A new AI system that predicts the health spans of mice could help develop life-extension interventions for humans, according to the tool’s inventors.
The system analyzes established measures of frailty to gauge a mouse’s chronological age and their so-called biological age — the condition of their physical and mental functions.
It was created by researchers from Harvard Medical School’s Sinclair Lab, who say it’s the first study to track a mouse’s frailty for the duration of its life.
They plan to use the predictions to quickly test interventions intended to extend the mice’s lives and move towards doing the same in humans.
“It can take up to three years to complete a longevity study in mice to see if a particular drug or diet slows the aging process,” said study co-first author Alice Kane, a research fellow in genetics at Harvard Medical School’s Sinclair Lab. “Predictive biometrics can accelerate such research by indicating whether an intervention is likely to work.”
The team first tracked the health of 60 aging mice until they died naturally. For more than a year, they carried out non-invasive tests on the mice, such as measures of their walking ability, back curvature, and hearing loss.
They used this training data to develop two AI models: one that detects a mouse’s biological age based on its frailty, and another that predicts how much longer it will live. In tests, the forecasts were accurate to within two months.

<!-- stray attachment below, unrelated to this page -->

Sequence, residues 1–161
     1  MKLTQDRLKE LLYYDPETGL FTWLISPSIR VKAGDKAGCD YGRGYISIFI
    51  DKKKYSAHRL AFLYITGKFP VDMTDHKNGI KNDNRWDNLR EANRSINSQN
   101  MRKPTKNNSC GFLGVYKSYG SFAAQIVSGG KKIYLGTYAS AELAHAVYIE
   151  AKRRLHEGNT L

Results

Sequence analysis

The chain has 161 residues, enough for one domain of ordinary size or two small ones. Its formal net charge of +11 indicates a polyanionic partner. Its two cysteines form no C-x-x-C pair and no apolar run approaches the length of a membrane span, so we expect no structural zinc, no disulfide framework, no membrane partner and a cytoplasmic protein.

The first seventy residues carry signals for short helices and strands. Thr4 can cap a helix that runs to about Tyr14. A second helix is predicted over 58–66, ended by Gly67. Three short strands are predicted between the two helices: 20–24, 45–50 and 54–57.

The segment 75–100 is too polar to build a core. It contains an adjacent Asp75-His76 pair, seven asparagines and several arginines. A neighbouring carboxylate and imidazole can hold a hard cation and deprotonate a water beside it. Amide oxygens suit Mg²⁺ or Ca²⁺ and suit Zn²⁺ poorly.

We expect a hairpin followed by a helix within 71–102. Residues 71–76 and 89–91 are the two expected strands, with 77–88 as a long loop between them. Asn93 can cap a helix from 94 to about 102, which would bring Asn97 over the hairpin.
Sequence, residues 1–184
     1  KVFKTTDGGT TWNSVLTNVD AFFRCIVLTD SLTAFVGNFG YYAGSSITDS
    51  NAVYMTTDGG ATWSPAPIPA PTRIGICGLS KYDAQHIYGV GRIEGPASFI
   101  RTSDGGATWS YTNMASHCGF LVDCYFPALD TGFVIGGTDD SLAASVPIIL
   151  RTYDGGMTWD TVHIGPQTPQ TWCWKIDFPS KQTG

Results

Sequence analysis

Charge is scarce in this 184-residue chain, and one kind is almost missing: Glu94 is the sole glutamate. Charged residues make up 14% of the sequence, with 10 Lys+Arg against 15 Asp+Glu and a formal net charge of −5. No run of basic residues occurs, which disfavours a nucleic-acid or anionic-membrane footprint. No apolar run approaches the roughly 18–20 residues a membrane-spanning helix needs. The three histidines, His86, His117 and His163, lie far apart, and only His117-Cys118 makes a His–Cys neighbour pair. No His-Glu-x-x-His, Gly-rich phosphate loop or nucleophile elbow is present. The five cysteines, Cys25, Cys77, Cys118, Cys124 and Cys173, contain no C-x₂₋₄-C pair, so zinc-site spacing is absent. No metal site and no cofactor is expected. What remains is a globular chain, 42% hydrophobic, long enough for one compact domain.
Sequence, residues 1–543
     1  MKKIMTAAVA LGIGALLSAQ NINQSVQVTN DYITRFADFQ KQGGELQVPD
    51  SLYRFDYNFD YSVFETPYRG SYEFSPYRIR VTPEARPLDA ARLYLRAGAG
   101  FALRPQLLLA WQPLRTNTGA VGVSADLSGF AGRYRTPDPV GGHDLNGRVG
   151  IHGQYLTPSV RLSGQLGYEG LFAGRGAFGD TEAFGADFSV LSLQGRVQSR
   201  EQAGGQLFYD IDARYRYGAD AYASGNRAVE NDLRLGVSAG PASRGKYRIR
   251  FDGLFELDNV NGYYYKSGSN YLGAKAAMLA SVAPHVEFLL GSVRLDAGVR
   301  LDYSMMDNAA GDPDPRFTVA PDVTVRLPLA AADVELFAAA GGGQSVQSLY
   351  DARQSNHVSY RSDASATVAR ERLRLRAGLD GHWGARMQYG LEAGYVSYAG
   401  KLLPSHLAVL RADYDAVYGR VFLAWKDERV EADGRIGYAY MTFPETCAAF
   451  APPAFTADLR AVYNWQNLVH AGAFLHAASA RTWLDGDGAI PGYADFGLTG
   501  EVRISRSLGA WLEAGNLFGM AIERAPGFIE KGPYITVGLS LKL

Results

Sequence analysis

The researchers then tracked the frailty of two groups of mice given life-extending treatment or diets. The team claims the AI accurately predicted whether the interventions improved their future health or life expectancy.
The system also found that certain measures of frailty had a stronger link to future health. For example, hearing loss and body tremors were more closely connected to biological age than vision and whisker loss. In the future, the researchers want to give these factors more weight in their calculations.
The team admits the AI can’t yet be used to predict human health, which is influenced by a far more complex range of factors than those that affect mice. Frailty indices already exist for people, but the researchers haven’t found a suitable dataset tracking people from their 60s to their 90s with significant mortality follow-up data.
Nonetheless, they hope to one day develop a system that can more quickly and accurately predict human health spans and the effectiveness of life-extending interventions.
“Diseases like cardiovascular disease, cancer, diabetes, neurodegeneration, and even severe COVID-19 predominantly affect older people,” said Kane. “We want to understand how the aging process itself works so we can find ways to reduce the incidence of all these diseases together, rather than one at a time.”
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